Given the ubiquity of center-surround interactions in motion and in other aspects of vision, figure–ground segregation is likely just one, nonetheless important, function of center-surround interactions. For example, theoretical work suggested a possible involvement of center-surround interactions in the perception of 3D shape from motion cues (Buracas & Albright, 1996; Xiao, Raiguel, Marcar, Koenderink, & Orban, 1995). 
MAE implications
The present results also show that neural mechanisms responsible for the MAE are not strictly local but are modulated by spatial visual context—a conclusion consistent with previous MAE studies (e.g., Bell, Lehmkuhle, & Westendorf, 1976; Day & Sterlow, 1971; Murakami & Shimojo, 1995; Sachtler & Zaidi, 1993; Wade, Spillmann, & Swanston, 1996). Most of the previous work has aimed at determining the role of relative motion in generation of the MAE: the motion after-effect is markedly reduced in the absence of patterned background (Day & Strelow, 1971) and enhanced if the background is moving in the opposite direction from the adapted motion (Murikami & Shimojo, 1995). Here we show that the MAE can be modulated even when the surrounding local motion signals are constant and the experimental manipulation rely on non-motion cues. This means, then, that the effects of the surrounding context on the locally measured MAE are not restricted to motion or relative motion manipulations. This is consistent with a study showing that the appropriate depth-ordering of the apertures surrounding an adapting motion stimulus can bias the direction of the resulting MAE (van der Smagt & Stoner, 2002). 
It is worth noting that our experiments employed two different types of dynamic test stimuli to measure the MAE, i.e., partially correlated random-texture pattern and counterphase flickering gratings. It is widely believed that both forms of test stimuli tap higher-level motion mechanisms (Culham et al., 1998) not engaged when using a stationary test figure (van de Grind, Lankheet, & Tao, 2003), as so often used in demonstrations of the waterfall effect. Thus, it is conceivable that the effects of surround suppression and context on motion adaptation might express itself differently when tested using the so-called static MAE. It is also noteworthy that surround context affected both the MAE measured with random-texture patterns and the MAE measured with flickering gratings, two types of MAE that themselves are not necessarily identical (van de Grind et al., 2003).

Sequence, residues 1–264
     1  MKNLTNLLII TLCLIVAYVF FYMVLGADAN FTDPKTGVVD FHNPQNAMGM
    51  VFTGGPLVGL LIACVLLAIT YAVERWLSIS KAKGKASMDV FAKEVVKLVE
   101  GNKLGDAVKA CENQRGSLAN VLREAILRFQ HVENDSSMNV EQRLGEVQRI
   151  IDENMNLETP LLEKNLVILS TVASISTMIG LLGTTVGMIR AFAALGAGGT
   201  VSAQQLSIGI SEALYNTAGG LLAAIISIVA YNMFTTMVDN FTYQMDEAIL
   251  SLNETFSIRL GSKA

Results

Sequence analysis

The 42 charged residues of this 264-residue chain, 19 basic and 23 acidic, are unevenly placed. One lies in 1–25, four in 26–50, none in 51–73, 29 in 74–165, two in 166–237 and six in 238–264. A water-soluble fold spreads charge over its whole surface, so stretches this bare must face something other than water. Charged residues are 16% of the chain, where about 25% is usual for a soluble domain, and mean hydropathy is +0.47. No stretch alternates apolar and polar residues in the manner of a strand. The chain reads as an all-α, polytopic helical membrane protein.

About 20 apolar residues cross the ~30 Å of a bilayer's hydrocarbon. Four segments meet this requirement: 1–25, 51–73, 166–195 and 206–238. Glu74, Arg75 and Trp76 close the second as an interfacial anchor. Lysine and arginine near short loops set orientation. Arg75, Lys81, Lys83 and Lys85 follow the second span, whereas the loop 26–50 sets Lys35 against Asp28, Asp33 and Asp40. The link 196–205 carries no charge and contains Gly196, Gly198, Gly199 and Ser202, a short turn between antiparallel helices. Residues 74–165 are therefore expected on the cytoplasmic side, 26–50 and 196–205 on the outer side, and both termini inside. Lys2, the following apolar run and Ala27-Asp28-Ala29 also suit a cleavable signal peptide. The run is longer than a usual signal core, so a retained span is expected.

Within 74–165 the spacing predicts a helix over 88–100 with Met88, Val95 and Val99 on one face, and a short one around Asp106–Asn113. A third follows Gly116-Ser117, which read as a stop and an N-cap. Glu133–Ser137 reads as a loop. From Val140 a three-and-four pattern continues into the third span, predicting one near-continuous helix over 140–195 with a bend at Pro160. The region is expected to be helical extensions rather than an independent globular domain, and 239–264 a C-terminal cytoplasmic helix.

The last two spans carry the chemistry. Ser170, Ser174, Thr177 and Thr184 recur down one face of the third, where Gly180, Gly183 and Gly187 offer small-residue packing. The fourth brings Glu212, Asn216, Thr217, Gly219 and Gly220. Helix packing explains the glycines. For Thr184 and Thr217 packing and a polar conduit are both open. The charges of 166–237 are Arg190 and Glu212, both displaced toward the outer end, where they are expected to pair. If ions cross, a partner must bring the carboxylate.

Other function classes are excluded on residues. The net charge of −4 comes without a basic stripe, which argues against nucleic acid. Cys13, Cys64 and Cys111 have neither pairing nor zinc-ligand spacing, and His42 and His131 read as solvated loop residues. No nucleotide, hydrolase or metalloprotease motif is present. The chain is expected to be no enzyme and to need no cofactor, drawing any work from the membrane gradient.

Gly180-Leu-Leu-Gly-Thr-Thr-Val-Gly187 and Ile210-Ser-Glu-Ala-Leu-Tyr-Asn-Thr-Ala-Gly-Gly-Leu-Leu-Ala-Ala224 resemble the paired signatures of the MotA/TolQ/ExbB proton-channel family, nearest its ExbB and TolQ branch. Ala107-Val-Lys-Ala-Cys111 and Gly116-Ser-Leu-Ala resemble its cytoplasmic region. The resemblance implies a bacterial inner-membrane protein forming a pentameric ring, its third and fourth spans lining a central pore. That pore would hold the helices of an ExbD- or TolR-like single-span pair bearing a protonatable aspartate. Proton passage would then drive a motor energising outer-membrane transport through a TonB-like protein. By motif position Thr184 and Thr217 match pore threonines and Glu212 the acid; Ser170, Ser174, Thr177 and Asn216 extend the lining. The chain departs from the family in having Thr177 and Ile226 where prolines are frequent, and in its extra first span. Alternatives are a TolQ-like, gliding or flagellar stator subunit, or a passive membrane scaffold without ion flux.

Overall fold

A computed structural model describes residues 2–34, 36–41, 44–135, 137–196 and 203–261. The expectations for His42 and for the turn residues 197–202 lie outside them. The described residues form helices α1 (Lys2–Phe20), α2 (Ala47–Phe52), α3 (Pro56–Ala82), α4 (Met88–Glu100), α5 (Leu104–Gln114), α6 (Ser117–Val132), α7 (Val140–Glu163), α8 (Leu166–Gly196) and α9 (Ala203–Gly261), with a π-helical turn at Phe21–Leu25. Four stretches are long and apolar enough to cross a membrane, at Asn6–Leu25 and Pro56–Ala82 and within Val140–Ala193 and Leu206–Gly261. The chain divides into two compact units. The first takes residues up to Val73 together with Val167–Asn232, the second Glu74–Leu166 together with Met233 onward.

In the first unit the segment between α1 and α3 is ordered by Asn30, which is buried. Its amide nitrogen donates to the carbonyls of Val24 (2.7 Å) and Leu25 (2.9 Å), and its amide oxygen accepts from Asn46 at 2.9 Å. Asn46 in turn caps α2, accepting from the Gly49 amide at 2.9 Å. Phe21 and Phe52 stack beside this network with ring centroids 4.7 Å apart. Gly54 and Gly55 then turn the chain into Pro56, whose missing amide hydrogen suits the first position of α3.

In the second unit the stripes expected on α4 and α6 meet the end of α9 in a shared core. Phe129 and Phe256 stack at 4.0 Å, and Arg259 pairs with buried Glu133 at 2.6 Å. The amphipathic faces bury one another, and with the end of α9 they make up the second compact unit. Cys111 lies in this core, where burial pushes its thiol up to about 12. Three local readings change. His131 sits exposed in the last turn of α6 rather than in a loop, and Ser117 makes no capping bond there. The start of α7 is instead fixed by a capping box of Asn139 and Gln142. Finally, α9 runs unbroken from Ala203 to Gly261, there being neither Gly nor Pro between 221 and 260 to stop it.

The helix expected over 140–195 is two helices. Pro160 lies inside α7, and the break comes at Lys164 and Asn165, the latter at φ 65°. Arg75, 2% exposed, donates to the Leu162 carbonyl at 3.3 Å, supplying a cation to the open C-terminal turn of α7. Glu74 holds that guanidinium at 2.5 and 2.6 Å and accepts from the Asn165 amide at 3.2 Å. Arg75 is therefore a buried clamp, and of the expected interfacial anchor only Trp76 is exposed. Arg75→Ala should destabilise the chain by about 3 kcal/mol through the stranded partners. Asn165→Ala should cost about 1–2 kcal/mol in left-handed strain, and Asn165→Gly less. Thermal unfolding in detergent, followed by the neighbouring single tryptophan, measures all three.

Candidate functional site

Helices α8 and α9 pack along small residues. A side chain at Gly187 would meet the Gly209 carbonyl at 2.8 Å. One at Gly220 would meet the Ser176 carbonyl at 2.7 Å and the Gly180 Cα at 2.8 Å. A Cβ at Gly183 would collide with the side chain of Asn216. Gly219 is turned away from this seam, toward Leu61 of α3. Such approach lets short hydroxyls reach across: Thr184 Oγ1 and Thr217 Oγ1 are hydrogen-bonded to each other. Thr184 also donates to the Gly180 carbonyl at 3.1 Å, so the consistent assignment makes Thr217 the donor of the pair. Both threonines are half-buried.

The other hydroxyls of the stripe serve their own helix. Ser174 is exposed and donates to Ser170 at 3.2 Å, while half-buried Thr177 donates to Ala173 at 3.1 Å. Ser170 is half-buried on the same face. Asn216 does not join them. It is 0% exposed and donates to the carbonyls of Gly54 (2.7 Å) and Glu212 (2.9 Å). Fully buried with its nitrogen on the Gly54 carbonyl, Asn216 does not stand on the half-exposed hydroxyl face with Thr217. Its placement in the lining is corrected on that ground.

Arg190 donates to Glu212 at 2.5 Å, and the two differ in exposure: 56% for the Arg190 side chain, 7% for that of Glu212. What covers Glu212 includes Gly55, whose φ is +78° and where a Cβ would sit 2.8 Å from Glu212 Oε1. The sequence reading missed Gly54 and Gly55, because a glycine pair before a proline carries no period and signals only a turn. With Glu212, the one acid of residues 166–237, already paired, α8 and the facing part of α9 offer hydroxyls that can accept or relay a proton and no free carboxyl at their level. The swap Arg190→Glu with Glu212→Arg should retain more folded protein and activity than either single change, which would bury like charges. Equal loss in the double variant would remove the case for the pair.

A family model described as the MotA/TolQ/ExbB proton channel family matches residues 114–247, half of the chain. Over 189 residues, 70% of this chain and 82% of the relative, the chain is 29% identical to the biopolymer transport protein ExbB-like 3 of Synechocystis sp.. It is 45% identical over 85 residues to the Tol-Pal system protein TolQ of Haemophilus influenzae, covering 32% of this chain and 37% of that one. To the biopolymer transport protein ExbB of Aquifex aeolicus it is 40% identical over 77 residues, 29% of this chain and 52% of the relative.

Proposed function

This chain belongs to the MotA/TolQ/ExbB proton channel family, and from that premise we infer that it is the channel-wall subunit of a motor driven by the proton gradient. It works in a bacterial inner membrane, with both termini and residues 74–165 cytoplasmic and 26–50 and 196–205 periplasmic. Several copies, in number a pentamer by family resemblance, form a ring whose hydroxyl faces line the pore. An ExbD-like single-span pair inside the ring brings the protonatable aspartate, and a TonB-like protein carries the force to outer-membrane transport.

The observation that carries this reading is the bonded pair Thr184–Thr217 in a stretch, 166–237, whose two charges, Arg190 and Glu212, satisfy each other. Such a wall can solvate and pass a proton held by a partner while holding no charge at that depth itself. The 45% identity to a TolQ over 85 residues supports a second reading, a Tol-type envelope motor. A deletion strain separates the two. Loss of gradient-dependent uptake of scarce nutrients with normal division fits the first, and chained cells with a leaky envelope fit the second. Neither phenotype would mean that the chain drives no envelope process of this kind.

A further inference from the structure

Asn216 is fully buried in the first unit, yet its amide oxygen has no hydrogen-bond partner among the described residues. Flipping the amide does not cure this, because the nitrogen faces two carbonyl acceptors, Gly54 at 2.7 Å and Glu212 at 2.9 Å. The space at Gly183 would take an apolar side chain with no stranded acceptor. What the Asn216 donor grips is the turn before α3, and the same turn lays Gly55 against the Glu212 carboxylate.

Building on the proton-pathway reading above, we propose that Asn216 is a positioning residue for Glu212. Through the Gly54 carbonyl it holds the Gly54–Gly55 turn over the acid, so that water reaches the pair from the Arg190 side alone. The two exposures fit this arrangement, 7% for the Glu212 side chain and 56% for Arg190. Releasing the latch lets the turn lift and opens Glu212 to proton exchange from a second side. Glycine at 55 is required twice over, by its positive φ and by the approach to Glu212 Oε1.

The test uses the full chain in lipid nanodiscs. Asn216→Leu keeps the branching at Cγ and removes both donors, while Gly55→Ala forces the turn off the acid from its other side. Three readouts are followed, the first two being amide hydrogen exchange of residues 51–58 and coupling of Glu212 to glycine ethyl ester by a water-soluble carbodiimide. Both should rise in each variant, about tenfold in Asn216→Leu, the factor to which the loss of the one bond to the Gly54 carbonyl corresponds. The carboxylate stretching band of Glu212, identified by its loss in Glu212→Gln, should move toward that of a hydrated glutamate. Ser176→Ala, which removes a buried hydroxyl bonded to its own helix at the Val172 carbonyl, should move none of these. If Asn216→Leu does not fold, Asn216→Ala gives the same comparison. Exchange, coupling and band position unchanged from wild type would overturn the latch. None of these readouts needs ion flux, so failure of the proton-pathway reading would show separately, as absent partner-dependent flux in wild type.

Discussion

A possible role of attention should also be considered because of known attentional effects on the MAE strength (Alais & Blake, 1999; Rezec, Krekelberg, & Dobkins, 2004). Our experienced observers were instructed to fixate and to attend to the center of the stimulus. Nevertheless, it is conceivable that even weak spreading of attention away from the center in conditions with a large surround stimulus is sufficient to cause a substantially weaker MAE. If that indeed were the case, we would expect similar effects at low-contrast because the effects of attention on the MAE strength seems to be independent of contrast (Rezec et al., 2004). At low contrast, however, large moving stimuli actually yield stronger MAE measured in the stimulus center (Tadin et al., 2003), suggesting that possible attentional effects cannot account for the large changes in the MAE with changing stimulus size.